Leaving aside the matter of where the Eskimos disappeared to (we never found any), what Gail is objecting to is that I claimed the park as my very own.
Well let me set record straight, and tell you a little more about Duthie Park, to give the correct name, as it is such an important feature of my daily life.
Elizabeth Duthie, of the family that owned the Duthie Shipyards, gifted the 44 acres to the Aberdeen Council in 1881.
When did you last hear of a modern day philanthropist donating land for public benefit and the enjoyment of city dwellers? (Gail
Oh Gail, you do need to move on....Back to Duthie Park.
Well on dark winter mornings, it does feel like the place belongs just to us dogs and our faithful owners, out for the regular pre-work walk. You do also at this time of day see the occasional juicy-calved jogger, who I am not supposed to chase, and a few hardy fluorescent cyclists taking a short cut to the office.
On a sunny summer weekends it's a whole different picture: kids whooshing back and forth on the swings and vainly trying to descend the non-slip surface of the slide (a council 'health and safety' feature....), families noisily queuing up for ice-creams at the café, games of cricket (the players mostly brown-skinned south Asians dressed in some approximation to the traditional white outfit), picnickers surprisingly careless of their sandwiches given the number of unleashed dogs on the look-out, students lazily tossing around a frisbee, model boat enthusiasts making good use the large shallow pond, coach parties of old ladies visiting the Winter Gardens (I'm not allowed in the greenhouses, more's the pity. I did once sneak in. It's lovely and warm in the tropical house).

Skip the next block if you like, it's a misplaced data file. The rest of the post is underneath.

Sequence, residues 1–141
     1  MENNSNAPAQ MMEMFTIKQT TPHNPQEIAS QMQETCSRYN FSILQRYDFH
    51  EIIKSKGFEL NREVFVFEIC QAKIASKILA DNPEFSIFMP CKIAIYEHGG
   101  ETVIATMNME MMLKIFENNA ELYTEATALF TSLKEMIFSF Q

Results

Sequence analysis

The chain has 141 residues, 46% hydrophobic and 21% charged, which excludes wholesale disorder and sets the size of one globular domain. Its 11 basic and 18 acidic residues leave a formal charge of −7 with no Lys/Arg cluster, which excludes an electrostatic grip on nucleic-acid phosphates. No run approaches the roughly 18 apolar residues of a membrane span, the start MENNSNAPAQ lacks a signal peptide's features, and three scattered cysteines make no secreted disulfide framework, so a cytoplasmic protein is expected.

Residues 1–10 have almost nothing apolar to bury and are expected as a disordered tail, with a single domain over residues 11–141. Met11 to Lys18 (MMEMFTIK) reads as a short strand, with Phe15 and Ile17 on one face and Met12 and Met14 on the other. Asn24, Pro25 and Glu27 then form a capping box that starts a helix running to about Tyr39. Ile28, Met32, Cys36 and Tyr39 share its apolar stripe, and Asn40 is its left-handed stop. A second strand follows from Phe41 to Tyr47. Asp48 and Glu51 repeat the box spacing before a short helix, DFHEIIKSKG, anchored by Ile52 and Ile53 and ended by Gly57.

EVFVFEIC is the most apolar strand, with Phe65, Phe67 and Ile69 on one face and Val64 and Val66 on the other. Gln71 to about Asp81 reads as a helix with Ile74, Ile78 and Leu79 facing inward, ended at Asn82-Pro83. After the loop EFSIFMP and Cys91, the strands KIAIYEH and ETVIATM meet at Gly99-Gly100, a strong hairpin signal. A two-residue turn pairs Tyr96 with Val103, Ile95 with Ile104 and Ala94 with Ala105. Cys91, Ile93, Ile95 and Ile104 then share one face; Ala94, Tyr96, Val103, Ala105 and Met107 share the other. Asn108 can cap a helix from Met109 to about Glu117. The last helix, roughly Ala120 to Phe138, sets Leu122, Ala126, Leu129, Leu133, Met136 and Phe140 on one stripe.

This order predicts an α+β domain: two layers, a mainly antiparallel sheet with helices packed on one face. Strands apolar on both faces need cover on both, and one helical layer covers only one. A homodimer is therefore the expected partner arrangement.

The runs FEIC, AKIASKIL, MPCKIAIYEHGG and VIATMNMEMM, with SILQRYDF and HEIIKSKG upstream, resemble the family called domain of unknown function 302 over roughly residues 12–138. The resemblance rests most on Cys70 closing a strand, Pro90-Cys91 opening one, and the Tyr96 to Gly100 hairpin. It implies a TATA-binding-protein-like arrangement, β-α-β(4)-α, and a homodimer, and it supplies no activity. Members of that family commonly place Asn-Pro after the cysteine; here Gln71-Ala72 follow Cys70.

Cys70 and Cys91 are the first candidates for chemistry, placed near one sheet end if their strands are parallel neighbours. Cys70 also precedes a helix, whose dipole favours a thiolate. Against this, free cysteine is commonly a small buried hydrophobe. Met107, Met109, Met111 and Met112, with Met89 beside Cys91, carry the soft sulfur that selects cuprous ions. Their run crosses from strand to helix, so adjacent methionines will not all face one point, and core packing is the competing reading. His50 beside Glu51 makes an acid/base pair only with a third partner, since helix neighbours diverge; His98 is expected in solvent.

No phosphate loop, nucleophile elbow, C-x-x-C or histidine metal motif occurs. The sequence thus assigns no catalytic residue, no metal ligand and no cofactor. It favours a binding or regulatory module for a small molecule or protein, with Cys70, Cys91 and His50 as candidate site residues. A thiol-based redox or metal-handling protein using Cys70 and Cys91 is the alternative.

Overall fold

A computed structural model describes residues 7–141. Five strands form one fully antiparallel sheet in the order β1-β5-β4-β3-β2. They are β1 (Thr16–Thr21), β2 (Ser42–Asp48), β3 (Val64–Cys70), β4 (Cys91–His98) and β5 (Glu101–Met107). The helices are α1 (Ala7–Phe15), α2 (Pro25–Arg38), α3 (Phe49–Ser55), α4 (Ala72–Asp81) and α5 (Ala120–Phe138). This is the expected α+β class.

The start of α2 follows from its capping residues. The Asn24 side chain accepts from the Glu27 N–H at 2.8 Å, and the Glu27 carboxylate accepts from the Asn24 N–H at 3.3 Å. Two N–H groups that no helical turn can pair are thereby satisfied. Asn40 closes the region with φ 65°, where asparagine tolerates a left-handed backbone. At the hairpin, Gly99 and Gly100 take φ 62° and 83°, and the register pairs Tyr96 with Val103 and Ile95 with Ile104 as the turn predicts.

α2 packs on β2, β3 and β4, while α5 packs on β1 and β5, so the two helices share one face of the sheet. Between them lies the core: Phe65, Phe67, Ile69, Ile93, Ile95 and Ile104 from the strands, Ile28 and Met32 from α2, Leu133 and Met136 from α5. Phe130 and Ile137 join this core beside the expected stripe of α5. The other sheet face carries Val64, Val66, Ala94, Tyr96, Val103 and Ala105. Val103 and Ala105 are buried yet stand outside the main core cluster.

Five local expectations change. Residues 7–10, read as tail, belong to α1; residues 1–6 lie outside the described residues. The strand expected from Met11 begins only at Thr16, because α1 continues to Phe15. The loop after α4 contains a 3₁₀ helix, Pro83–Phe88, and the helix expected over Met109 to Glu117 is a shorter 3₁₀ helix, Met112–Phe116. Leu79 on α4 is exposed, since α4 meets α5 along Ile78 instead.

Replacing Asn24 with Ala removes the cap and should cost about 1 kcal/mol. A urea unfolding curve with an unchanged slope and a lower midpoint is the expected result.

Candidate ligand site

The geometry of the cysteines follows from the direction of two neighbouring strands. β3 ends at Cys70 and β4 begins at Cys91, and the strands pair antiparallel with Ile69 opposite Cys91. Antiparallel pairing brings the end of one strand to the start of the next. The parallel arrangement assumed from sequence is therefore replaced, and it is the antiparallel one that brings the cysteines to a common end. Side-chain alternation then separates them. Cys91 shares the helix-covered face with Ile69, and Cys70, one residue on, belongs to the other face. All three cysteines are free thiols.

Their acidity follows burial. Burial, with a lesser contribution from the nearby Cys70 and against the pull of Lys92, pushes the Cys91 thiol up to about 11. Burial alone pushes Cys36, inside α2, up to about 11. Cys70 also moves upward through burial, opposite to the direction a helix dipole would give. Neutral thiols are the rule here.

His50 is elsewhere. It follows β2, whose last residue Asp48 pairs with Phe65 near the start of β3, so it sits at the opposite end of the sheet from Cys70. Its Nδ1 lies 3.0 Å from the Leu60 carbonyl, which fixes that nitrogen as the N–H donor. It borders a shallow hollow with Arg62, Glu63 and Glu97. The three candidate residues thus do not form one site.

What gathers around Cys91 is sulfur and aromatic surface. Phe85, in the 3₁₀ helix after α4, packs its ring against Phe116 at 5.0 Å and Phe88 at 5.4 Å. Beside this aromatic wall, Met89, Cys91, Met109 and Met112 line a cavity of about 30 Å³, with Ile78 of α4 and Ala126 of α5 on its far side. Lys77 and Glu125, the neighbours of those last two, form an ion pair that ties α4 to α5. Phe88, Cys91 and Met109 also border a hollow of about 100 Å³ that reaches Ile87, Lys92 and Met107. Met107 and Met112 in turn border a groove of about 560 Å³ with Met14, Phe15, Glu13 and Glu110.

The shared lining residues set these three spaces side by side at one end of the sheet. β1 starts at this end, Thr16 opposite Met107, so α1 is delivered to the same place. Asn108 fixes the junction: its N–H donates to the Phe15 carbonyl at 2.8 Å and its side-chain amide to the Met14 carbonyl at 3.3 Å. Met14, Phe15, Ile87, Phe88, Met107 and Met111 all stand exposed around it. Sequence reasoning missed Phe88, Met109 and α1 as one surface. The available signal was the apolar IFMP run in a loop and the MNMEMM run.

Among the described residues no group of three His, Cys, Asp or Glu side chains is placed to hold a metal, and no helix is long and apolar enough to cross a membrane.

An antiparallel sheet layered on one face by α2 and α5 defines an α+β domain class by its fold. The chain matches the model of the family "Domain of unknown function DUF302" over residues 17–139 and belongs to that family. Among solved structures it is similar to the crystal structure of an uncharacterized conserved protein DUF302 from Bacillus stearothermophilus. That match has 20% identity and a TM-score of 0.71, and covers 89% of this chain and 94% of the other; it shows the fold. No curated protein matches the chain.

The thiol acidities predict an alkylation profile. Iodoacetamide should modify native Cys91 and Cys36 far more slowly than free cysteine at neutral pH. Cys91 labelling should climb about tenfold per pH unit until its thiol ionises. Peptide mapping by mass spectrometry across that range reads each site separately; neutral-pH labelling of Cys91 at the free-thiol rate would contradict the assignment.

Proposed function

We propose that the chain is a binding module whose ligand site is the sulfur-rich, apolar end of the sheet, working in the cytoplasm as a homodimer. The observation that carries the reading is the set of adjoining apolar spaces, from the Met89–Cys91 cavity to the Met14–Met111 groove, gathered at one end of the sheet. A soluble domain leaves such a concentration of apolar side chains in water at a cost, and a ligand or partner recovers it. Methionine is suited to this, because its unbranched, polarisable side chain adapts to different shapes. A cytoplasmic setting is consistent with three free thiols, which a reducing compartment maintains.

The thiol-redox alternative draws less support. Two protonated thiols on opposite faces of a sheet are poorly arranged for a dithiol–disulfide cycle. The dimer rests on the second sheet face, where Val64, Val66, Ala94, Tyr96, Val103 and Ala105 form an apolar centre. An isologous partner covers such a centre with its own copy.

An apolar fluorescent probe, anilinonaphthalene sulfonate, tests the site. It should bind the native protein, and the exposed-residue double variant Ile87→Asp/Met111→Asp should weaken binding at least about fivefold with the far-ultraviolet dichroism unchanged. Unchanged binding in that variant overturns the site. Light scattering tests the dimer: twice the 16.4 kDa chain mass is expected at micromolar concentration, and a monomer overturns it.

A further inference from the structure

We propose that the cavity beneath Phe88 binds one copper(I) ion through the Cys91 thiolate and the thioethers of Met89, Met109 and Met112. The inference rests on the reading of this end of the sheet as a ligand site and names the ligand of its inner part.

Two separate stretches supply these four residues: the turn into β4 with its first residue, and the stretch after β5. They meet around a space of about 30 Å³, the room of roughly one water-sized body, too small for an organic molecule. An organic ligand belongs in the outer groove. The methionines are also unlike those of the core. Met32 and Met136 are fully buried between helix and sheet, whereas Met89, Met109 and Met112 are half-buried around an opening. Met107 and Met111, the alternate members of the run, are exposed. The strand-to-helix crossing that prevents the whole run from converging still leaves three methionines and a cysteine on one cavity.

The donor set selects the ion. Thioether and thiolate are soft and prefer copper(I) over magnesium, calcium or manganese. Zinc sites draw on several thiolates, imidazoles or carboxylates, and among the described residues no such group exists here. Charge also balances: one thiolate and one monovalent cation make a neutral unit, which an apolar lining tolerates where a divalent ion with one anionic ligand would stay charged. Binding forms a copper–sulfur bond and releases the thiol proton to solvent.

The park has a big grassy area with a bandstand in the middle, plus some beautifully tended formal flower beds, monuments, trees for peeing on, footpaths, ponds and fountains. Dogs are allowed everywhere except the Winter Gardens and do not have to be on a lead, although we are supposed to be 'under control'.
It's only a quarter of a mile walk from my house, so the morning circuit down to and round the park and back again is about a mile long and takes 20-30 minutes, depending on how many pals I meet en route and whether we call in at the paper shop on the way home.
Aren't I lucky to have such a nice place so close? Even if it's not, strictly speaking, 'mine'.